"Space Captain" - Joe Cocker / "Mad Dogs & Englishmen" (1970)

In small doses, I enjoy Joe Cocker, but his music has been a little hit and miss for me.  However, JC always seemed to bump it up a notch...I mean, really commit...when he had his good friends at his back.  And when that happens, I'm all in.  Here's a good example and one seldom heard.  Love the playful "ooohs and ahhhhs" in the middle, too

"Leave It With Me" - Blodwyn Pig / "Ahead Rings Out" (1970)

This is a jazzy-flutey instrumental with a catchy riff that moves the song right along if nothing else.  Jack Lancaster provides the jazzy pipes and guitarist (and frontman) Mick Abrahams jumps in the middle to add some licks of his own.  Abrahams was the original guitarist for Jethro Tull, leaving after their first album.  First time hearing Blodwyn Pig on the radio!  Making driving a better time.


Good stuff.

Casey Chambers

Monday, December 17, 2018

TCCDM Pulls One Out..."Kinks Kontraband" (1988)

"Kinks Kontraband" - The Kinks (1988)

I picked this up back in November from a private record flipper I affectionately refer to as..."The Garageman."  This is an unofficial Kinks release.  A bootleg mix of  BBC live recordings and outtakes.  Side One is definitely the stronger.  It's filled with 9 early live BBC recordings and a demo.  Yes, their two early biggies are on here, but it's the lesser known that really ices the cake.  One is the never studio recorded song by the band..."This Strange Effect."  It has a haunting, floaty vibe that dances on trippy and is just killer.  Side Two opens with a tasty garage-fuzz outtake of..."Time Will Tell."  There is also a rare live track from the Preservation period..."Slum Kids"...and is a nice rescue.  The album's last three songs are later stuff, and I like them, but I just didn't hear much difference in the outtakes.  I'll leave that to true Kinks aficionados to discuss.

If you're curious, it being bootleg and all, the vinyl recordings sound great.  This is a Canadian press on Reprieve.  (Not Reprise.)  The label has a man strapped into an electric chair with the guard's hand near the switch.  Very kool!  I don't know how many were pressed, but this is a  pretty hard one to find.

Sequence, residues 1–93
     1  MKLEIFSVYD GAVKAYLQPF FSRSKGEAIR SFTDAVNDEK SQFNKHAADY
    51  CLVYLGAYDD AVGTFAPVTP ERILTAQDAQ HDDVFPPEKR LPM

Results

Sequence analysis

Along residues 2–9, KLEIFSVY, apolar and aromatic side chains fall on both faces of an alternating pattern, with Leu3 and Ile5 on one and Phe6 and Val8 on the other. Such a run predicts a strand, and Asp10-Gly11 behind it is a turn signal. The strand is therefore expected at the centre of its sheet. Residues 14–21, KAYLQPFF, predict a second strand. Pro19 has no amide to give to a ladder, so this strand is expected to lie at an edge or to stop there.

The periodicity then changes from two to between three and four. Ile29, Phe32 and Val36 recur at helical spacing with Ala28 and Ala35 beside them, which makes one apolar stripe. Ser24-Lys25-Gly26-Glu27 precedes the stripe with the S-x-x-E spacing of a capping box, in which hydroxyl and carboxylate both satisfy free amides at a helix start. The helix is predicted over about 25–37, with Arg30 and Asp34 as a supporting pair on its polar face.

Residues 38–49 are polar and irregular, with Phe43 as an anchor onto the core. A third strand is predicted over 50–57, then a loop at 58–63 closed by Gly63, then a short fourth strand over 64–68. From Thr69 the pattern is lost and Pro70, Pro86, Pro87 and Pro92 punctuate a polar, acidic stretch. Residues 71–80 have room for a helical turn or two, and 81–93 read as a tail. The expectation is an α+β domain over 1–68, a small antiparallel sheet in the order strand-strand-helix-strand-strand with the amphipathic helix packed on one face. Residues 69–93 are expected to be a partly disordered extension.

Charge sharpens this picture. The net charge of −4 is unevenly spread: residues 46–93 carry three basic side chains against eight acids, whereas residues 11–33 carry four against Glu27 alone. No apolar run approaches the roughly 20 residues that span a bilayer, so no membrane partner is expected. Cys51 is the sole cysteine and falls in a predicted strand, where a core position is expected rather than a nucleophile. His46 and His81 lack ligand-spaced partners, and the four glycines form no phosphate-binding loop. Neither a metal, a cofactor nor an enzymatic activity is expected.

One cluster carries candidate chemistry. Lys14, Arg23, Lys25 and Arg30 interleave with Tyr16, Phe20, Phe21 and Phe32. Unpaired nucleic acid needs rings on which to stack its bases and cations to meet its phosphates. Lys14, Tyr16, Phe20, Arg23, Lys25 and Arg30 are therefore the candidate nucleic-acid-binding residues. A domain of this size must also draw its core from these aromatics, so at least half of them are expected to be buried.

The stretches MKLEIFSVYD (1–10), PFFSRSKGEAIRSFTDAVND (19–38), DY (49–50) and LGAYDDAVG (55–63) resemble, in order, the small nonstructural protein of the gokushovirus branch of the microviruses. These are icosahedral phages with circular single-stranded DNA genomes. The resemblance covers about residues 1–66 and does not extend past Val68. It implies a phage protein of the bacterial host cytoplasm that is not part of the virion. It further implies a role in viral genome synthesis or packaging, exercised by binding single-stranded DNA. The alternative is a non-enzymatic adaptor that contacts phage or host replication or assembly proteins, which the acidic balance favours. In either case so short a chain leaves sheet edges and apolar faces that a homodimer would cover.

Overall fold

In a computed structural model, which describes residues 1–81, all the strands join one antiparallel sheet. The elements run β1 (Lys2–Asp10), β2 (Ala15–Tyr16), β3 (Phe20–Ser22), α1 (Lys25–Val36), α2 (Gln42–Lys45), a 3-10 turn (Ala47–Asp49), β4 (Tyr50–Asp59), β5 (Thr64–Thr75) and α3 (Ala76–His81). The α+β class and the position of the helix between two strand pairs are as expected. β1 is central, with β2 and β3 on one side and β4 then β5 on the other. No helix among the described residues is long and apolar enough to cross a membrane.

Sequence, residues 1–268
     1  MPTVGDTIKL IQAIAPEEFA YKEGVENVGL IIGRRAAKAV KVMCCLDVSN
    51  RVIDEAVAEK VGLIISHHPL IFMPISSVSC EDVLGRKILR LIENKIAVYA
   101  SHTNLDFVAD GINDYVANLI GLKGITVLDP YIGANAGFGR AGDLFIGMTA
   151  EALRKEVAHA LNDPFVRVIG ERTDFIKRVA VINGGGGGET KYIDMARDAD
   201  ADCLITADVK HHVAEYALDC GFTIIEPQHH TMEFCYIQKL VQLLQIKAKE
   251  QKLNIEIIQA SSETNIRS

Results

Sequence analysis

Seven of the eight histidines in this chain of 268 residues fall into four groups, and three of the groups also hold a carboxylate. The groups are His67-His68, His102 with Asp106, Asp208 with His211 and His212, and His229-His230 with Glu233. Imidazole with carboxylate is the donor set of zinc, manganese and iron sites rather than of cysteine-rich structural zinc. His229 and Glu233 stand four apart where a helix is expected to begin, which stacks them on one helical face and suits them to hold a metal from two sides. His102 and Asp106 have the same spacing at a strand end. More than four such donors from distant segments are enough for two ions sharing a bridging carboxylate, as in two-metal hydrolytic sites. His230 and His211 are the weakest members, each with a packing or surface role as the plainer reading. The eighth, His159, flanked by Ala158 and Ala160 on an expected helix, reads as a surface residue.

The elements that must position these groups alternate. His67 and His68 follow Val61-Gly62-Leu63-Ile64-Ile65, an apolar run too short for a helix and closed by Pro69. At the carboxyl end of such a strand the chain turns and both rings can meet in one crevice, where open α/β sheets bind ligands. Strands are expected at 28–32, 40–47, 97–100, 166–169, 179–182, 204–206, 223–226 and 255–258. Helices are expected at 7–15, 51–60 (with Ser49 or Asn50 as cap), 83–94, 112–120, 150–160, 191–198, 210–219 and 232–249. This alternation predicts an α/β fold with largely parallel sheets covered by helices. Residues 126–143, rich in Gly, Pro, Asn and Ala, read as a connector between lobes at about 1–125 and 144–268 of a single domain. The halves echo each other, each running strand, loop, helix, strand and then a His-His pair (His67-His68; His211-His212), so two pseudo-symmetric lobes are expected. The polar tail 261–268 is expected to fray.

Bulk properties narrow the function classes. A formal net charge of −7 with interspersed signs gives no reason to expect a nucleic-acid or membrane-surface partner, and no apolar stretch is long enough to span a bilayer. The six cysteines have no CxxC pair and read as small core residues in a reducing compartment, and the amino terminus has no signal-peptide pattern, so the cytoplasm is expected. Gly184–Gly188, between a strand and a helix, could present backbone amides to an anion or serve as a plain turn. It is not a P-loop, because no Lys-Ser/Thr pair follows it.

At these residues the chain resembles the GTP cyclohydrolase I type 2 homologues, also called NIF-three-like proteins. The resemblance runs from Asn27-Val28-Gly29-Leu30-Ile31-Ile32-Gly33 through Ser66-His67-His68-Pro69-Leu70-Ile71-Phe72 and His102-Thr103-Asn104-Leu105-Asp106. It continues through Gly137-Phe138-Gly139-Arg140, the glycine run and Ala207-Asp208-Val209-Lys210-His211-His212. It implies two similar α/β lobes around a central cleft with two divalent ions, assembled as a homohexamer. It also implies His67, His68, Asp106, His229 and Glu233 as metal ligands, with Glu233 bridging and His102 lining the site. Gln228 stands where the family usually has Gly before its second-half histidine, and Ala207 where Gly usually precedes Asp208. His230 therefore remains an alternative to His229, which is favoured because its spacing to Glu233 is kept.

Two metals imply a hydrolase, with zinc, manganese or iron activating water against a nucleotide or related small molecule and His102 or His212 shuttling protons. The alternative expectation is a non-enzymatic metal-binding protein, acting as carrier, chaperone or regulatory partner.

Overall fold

"Kinks Kontraband" (back)

Reprieve label

"This Strange Effect" (BBC Sessions) - The Kinks / "Kinks Kontraband" (1988)

Good stuff.

Casey Chambers

Friday, December 14, 2018

I Went...SIRIUS...All The Way Home

(a short jaunt)

"Don’t Bogart That Joint" (live) - Little Feat / "Waiting for Columbus" (1978)

This song is over and done before anyone could even begin to accuse someone of hogging the doobie.  In a little over a minute, Little Feat reminds everyone how much fun they're having.  Happy driving.  Many consider "WFC" one of the best live albums ever recorded.

"Revelation" - Fleetwood Mac / "Penguin" (1973)

My appreciation of Bob Welch during his Fleetwood Mac period has grown in leaps and bounds.  Love this song.  Bob's guitar work is diamond and I've always been a sucker for the way Bob's floaty vocals add haunting mystery to some of the songs.  Plus John McVie's driving bass on this jam is just killer.  Btw...the penguin has been Fleetwood Mac's mascot since the early days when John and Christine were just lovebirds living near the London Zoo.

"The Pause of Mr. Claus" (live) - Arlo Guthrie - "Arlo" (1968)

Okay, they snuck another xmas song in on my drive home.  The song is short and cute and I like the young Arlo vocals on this. It's what any respectable folkie would sing about.

"Good Old Rock‘n’Roll" - Cat Mother and the All Night Newsboys / "The Street Giveth...and the Street Taketh Away" (1969)

This is a rock and roll medley that became a top-40 hit for the Cat Mothers.  It's good for what it is, but that medley trick has been done a bazillion times in a bazillion bars ad nauseam.  I dig hearing shit like this live, but it's kinda 'meh' on the radio.  A nice cool factor though is that the album was produced by Jimi Hendrix.


Good stuff.

Casey Chambers

Tuesday, December 11, 2018

Horse Head Has An Idea: "Merry Christmas Mr. Bean"


"Merry Christmas Mr. Bean" (1992) an episode from the UK television show that ran for four seasons called, you guessed it..., "Mr. Bean."  This had been in my "watch-later" box for months, along with other holiday finds, to curl up with as the "silver bells" get closer.  I'm really glad I did.  This is a wonderful little gem.  It follows Mr. Bean from the evening before Christmas until the big day.  It's all very funny and sweet and a tad melancholy in that special Mr. Bean trademark fashion.  This should be annual watching along with The Grinch...Charlie Brown...and The Andy Griffith Xmas episode.  It will never grow old, only endearing.